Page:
Those of us in the early-stage tech ecosystem by now well know that saying “there are a LOT of seed and new startups” is a gross understatement. It feels like a tsunami of deal flow, and for me, I’ve outlined how I pay attention to inbound flow in terms of what gets priority. And one of the sources of that flow are the new accelerators (I’m lumping incubators, accelerators, etc. all together) combined with the culture of “demo days,” in-person gatherings where angels and professional investors collide with entrepreneurs.
Before we dive into this, let me say (1) I know a lot of people personally who run these accelerators and consider them friends (and darn good people); and (2) I know there will be a bunch of founders who will say “Hey, well, I met some great investors this way, so it can work.” And, surely, it “can” work.
Yesterday, I tweeted this: I get emails from friends @ accelerators, asking me what kind of co’s I’m interested in, or to watch online demo day (no), etc. I just now respond w/ “Anyone who wants to meet me should just ping me directly w/ their PDF deck & a short note.” Startups, don’t outsource your BD.
I got a few emails from friends asking if my tweet was in response to them. It wasn’t directed at anyone. And yet, it really applies to everyone. When I stepped back from the online discussion, it made me think about what I would do if I were running an accelerator (maybe I should?) to solve this issue. Here’s what came to mind:
1/ Standardize Formats: There are some accelerators will will coach their startups to use Google Slides, or to create YouTube videos, or to use link-sharing sites, etc. Simply asking folks to use a standard format like PDF would make a world of difference.
2/ Pitch Deck Design: There’s a robust debate about slide decks. We won’t get into that here. What I will say is many institutional investors require them, and fair or not, most investors view the pitch deck as a proxy for how the founders will present to customers. I don’t mean to say decks should be overly designed and polished — but they should be clear and substantive. Investing in resources to help founders hone this skill would be valuable.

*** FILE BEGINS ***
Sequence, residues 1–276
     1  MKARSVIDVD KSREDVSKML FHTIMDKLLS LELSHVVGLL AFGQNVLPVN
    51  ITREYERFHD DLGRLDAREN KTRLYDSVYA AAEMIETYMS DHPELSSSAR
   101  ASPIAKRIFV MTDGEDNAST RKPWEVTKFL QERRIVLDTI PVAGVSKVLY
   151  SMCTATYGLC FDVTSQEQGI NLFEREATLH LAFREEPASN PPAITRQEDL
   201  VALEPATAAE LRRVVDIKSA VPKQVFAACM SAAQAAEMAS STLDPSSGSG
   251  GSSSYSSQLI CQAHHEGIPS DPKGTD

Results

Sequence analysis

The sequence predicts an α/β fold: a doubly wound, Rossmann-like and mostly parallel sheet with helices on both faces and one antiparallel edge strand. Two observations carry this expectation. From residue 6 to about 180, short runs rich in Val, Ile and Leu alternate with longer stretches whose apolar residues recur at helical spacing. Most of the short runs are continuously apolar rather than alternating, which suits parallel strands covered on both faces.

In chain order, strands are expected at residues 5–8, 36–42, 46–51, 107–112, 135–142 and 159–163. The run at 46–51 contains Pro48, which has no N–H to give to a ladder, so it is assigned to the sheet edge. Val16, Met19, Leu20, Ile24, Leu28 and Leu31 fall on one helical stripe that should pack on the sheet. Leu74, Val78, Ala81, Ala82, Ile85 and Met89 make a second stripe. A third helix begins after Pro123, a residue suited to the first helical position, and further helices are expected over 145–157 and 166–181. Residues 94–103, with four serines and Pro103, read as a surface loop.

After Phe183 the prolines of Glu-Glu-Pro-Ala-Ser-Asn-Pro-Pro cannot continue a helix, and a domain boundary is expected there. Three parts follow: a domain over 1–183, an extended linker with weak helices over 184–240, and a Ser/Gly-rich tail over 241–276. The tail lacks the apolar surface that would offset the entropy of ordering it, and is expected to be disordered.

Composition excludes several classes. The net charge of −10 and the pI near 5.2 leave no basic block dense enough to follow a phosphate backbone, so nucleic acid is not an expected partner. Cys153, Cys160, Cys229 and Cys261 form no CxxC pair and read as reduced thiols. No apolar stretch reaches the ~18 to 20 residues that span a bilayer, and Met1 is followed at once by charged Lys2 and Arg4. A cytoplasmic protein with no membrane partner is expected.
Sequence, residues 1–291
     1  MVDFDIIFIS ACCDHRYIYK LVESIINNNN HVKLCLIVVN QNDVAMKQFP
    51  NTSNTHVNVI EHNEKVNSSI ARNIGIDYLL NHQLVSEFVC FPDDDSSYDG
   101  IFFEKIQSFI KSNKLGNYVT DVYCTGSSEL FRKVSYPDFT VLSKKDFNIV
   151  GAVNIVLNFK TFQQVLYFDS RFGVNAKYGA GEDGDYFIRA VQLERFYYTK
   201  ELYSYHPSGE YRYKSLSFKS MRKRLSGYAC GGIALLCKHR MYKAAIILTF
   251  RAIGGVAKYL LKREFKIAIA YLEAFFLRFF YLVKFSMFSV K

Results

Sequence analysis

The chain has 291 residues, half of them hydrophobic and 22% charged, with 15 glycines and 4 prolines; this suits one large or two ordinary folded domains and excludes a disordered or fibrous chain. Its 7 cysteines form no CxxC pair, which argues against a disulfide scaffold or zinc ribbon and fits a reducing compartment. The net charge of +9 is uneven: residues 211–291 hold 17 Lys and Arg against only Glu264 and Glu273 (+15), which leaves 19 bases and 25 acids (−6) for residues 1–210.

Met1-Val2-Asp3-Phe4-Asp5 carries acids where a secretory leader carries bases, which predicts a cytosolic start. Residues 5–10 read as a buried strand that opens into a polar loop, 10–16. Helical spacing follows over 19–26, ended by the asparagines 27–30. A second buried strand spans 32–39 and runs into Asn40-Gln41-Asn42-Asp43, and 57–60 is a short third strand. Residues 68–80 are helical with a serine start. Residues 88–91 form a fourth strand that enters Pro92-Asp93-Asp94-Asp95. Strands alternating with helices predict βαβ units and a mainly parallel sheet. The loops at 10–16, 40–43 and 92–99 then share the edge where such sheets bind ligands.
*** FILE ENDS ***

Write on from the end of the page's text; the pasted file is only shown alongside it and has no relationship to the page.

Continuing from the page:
3/ Pitch Communications: My personal belief is that if someone wants to be a founder, one of the many skills they’ll need to learn (unless they have a cofounder who does this) is to create, build, and maintain relationships with investors. Now, in different geographies or generations, folks may not have the ability to do that as easily as one could in the Bay Area, for instance. If I were running an accelerator in the Midwest, let’s say for example, I’d focus on training the current batch on how to identify and pick suitable investors, and how to send them a short, personalized email with the pitch deck. Today, what happens is the accelerator just sends over a huge list to the investors or the founders carpet-bomb investors with form or canned emails. I’d guess none of these are effective.
4/ Are Demo Days The Right Model? Just one person’s opinion, but I don’t think so. Having an event and a date everyone drives toward provides good peer pressure and a forcing function to get things done. Yet, if the purpose is to woo investors to these, I think there are too many to attend. Doing them online removes the critical in-person touch that’s required (in my opinion) to assess at the early stages. I don’t know what the solution is, but Demo Days feel like they belong to a previous era.
5/ Who Is On The Hook? An accelerator that can help a founder raise more capital would be a huge value-add. But, how possible is that in reality? Ultimately, the buck stops with the founder. Part of being a founder is simply about being able to finance the operation. Accelerators are a great forum and venue for these lessons to be taught and learned. Maybe an accelerator should take lower cap table ownership unless they deliver investors who convert? I don’t know what the right answer is, but anything is worth a shot. However, that doesn’t mean founders in those programs should assume their accelerator will help them land financing.
But being on the receiving end of this deal flow, what I can say is that because there are so many accelerators now, because formats aren’t standardized, because folks aren’t personalizing their outreach communications, and because there’s a total tsunami of seed deals flooding the market, the net result is most of these outreach attempts don’t convert positively. And while accelerators can always do more to beef up their education and training (all noble efforts), it is ultimately up to the founder to make connection and to make that sale. It’s not a function that can abdicated or outsourced — rather, it has to be owned wholly by the founder. And for my friends at these accelerators, I’m happy to help share my two cents and provide any feedback if that’s useful.